Friday, September 30, 2011


"What do you mean, we have no central heating?" I can still hear my question reverberating in my head as I ponder what once would have been an unimaginable question.

Growing up in the States where most homes have central heating, I just assumed that it was a normal thing.  It’s nothing that I ever thought about, really.  I guess when you grow up with things a certain way, you just assume everyone else has life similar to yours. Such is the fodder for my Blog.  So many things that once were normal are no longer.

Let’s face it, when I mention that I’m living in Australia, what kind of life do most NON-Aussies imagine? A life of endless days of sunshine, blue skies and surf, white sandy beaches, and hot, dry land?  What about living in this great Land of Oz in the winter? What images conjure up in your head?  More of the same, right?  If you find yourself nodding in the affirmative, you have so much to learn young whippersnapper, so keep reading!

Parka and Eskimo mukluks
Actually, the winters here are quite mild.  The problem is, when you live without central heating, the inside of your house tends to be about the same temperature as it is outside!  When we go to bed, the thermostat isn’t set to maintain a comfortable temperature throughout the house as we sleep.  Instead, the wall heater is turned off and the house temperature quickly drops.  So when we have a night that dips to 5 degrees Celsius (that’s 41 degrees Fahrenheit for my American/metrically-challenged readers!) I wake up to a house that’s so cold, that I find myself ice skating on my tile floors, doing a twirl and double Axel on my way to my coat closet to grab my parka and mukluks for warmth!

Falls Creek, finest ski resort in Victoria, Australia
You may think I’m exaggerating, but really I’m not far from the truth!  I used to wonder why Aussies invented the Ugg boot, (which, by the way look very similar to mukluks!)  I mean, why would they need such a warm boot made out of sheep skin when they live where it sunshine’s 365 days of the year?  Ahh….there’s where your imagination has led you astray!  You see, it isn’t sunny here 365 days of the year.  It’s not a land that never sees rain.  In fact, you might be surprised to learn that parts of Australia even have SNOW!  But I digress…

While house hunting recently, we found that most houses in our half-million-dollar-and-up price range had no central heating! Seriously, how is it that you can spend that much money on a house and not expect to heat your home efficiently? Of course it came to no surprise to my husband since he grew up here, but you had to practically pick me up off the floor as the reality of my situation began to sink in! I didn't know this was even possible in this day and age! I thought gone were the days that people had one heating source, (their fire place) to warm their house. Just where is Laura Ingalls when you need her?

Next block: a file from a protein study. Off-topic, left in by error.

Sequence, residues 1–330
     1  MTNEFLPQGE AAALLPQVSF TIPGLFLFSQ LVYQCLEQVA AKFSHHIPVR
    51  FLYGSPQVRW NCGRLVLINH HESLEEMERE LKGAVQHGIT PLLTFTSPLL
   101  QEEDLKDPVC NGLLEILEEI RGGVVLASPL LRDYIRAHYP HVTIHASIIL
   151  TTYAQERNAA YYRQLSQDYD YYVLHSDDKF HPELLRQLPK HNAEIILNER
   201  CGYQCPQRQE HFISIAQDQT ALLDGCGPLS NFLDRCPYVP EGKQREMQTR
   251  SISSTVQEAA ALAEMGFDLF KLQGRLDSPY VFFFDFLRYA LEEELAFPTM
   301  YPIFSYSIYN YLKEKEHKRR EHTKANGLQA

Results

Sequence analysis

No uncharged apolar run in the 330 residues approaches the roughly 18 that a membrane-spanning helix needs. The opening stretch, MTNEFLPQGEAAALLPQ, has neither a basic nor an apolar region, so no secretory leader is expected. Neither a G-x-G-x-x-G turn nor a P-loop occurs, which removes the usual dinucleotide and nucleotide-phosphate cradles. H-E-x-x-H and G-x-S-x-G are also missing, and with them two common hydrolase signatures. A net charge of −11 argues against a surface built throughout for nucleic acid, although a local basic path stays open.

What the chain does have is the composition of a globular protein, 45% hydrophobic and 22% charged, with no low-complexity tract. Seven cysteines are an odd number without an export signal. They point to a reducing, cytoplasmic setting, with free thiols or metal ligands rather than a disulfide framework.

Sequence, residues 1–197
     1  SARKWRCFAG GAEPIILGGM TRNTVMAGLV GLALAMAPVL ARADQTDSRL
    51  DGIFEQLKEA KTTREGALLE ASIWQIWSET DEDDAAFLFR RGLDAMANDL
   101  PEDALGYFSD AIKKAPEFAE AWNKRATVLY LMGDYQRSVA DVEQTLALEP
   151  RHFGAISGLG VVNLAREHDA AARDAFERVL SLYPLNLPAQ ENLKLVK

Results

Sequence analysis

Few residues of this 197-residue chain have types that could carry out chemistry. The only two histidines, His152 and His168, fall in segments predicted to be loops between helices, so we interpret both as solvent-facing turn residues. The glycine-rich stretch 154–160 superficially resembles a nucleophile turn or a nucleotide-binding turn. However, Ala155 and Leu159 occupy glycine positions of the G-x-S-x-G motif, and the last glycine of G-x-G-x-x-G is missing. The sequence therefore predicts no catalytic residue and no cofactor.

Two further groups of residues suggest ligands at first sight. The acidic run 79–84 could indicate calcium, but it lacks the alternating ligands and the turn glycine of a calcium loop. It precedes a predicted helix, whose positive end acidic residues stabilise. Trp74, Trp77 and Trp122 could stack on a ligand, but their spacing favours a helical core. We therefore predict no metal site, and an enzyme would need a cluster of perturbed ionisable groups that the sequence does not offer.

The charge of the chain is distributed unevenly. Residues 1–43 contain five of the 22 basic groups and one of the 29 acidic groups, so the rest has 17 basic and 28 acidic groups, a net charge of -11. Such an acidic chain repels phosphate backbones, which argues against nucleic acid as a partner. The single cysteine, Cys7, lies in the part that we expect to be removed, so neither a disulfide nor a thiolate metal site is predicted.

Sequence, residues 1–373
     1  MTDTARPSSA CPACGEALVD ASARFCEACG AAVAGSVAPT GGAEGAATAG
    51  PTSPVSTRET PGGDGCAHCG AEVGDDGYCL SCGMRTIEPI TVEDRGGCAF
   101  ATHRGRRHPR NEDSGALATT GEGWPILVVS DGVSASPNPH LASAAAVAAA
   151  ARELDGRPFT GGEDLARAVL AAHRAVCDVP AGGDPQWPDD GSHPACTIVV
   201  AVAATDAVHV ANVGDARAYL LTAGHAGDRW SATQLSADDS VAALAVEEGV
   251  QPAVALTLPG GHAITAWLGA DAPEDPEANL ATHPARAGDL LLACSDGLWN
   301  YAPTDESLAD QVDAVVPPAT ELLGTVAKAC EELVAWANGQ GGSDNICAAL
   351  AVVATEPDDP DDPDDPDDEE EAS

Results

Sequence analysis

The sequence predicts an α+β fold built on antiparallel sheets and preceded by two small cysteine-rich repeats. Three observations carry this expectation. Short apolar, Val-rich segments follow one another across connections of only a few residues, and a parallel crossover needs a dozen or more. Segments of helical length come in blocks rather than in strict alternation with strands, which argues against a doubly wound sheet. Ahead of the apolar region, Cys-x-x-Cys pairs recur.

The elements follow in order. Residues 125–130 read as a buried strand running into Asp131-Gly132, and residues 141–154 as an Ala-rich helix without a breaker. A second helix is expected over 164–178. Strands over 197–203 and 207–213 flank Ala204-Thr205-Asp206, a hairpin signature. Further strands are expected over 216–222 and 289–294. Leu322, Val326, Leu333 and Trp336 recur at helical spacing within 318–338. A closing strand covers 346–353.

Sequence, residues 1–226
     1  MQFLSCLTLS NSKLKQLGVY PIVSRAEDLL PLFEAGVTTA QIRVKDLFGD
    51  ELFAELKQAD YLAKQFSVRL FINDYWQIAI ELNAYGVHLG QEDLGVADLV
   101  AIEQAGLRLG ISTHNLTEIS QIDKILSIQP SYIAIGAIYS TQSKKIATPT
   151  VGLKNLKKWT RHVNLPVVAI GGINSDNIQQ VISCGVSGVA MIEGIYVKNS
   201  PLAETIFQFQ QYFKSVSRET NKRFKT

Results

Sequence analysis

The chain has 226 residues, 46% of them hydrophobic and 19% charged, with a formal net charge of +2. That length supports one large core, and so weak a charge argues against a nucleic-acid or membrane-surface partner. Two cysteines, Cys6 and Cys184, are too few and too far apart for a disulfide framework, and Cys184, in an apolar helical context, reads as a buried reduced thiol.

I live in Adelaide, South Australia!
I recently found a statistic that in New Zealand, our neighbor to the south, only 5% of homes have central heat, and New Zealand is colder than Australia!   (I tried to find the same statistics for Australia without any luck, but included this information so you have an idea of what I’m dealing with. Do you feel sorry for me yet?) I guess it’s because houses are designed more to keep the heat out. They just don’t worry about the cold here. Not only are houses built without central heating, but most homes have single paned windows (I didn’t even know those existed any more!) and don’t have fireplaces! In fact, most Aussie homes have awnings and black-out curtains on every window to keep the sunshine out on hot days. See what I mean? They are more concerned about keeping houses cool to the detriment of keeping them warm in the winter.
My neighborhood in Tigard, Oregon, winter 2008
So here I am, spending my first winter in Australia and I never once imagined that the winters here would be colder than back home in Tigard, Oregon where temperatures often drop below zero Celsius for the day’s high! In order to keep warm at night in Oz, I have an electric blanket which is nothing like those back home.  Electric blankets don’t lie on top of you. Instead, they look like a huge heating pad that slips under your sheet and you lay on top. It takes a little getting used to, but they do work well which keeps me from complaining (Aussies would say, “grizzling”) about the cold at night. I know my husband appreciates that!

A very melted Frosty the Snowman...
When I wake up in the mornings, in order to avoid hypothermia I quickly throw on a turtle-neck (called a “skivvy” here), sweatshirt (Aussies call a “jumper”), jeans (they call them “jeans” here…sorry, that’s supposed to be funny) and my Ugg boots, throw some blankets over me and cozy up to my wall heater until the frost melts off my nose, much like Frosty the Snowman on a warm day!

One of two heaters for our 2-story home
Peering out from under my blankets at my husband in hopes of sympathy and compassion, I shiver with teeth chattering and say, “I’m fra-fra-fra-freezing!” Of course my Aussie husband, walking around in shorts and a t-shirt just to prove a point would respond, “I don’t know what you’re talking about. It’s not cold at all!” He’s just saying that, so he doesn’t have to turn up the heat! I guess I should be thankful for running water and electricity!

This is soooooo my husband and I!